Archived Story

Giving thanks and turkey

Published 10:21am Tuesday, November 24, 2009

By JESSICA SIEFF
Niles Daily Star

Businesses large and small are getting in the holiday spirit and continue to give back to their communities, with just a couple days to Thanksgiving.

That includes Family Video, which will be distributing turkeys to select families in Niles.
Continuing “its tradition of donating turkeys and hams to families in need this holiday season,” the family-owned company with more than 600 stores announced it would be donating 24,000 turkeys and hams during Thanksgiving and Christmas “as a way to give back to the communities that have embraced and supported its stores.”

Each store is given a total of 40 turkeys (and/or hams) – 20 for Thanksgiving and 20 for Christmas, meaning a total of 40 area families will be given the gift of a little less to worry about when it comes to their holiday feasts.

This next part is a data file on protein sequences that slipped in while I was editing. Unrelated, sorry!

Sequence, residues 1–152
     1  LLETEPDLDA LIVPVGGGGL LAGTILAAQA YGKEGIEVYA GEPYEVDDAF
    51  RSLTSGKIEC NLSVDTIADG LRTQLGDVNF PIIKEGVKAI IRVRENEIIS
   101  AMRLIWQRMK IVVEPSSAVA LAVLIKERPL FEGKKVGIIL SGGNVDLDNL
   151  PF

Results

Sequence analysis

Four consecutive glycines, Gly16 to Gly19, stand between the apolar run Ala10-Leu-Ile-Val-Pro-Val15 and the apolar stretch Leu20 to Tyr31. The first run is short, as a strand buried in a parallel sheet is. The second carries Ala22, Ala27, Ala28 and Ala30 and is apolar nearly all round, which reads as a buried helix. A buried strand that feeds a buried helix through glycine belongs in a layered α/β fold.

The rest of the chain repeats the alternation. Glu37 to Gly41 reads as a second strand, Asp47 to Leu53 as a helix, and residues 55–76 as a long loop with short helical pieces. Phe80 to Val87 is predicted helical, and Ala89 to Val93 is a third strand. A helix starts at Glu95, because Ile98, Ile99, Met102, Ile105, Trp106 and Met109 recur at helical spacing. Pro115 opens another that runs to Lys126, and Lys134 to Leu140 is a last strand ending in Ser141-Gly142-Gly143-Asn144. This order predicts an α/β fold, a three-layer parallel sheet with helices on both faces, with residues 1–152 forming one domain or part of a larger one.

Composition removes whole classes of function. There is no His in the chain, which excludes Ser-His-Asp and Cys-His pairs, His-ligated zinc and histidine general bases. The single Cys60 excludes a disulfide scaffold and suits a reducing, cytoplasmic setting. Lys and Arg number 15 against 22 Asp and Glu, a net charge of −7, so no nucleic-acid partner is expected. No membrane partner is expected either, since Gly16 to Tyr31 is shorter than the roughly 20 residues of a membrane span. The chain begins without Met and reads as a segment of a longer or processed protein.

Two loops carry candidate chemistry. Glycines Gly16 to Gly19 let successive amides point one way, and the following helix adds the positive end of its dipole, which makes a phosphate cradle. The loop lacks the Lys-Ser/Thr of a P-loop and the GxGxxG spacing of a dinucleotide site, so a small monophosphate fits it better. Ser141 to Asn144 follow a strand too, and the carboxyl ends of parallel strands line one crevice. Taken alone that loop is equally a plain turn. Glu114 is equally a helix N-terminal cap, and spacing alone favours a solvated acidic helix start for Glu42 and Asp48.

“The way it works is,” explained Shannon Conely, district manager for the North Central, Ind. area. “We usually get in touch with either a school or church.”

The identities of those families or individuals to benefit from the video store’s gift are usually kept confidential or semi-private, Conely said. Once recipients are chosen, employees will often meet them at the church or school the company has consulted to hand the turkeys out.

“Over the last 10 years, our employees have delivered more than 150,000 turkeys and hams to local families who need assistance,” said Keith Hoogland, president of Family Video. “To think that your local video store has that kind of impact in the community is powerful. Each year, we get notes of thanks from churches and families. That’s how we know we’re making a difference.”

The story behind the giveaway is a longstanding tradition, according to the company, in which the company’s founder and CEO Charlie Hoogland gave each of his employees at a previous company a turkey for their holiday dinner.

A holiday gift one year turned into a now 40-year tradition.

“Charlie continued the tradition and turned it into something bigger,” the company said in a statement. “An opportunity for the company and its employees to express their gratitude toward the community in a meaningful way.”

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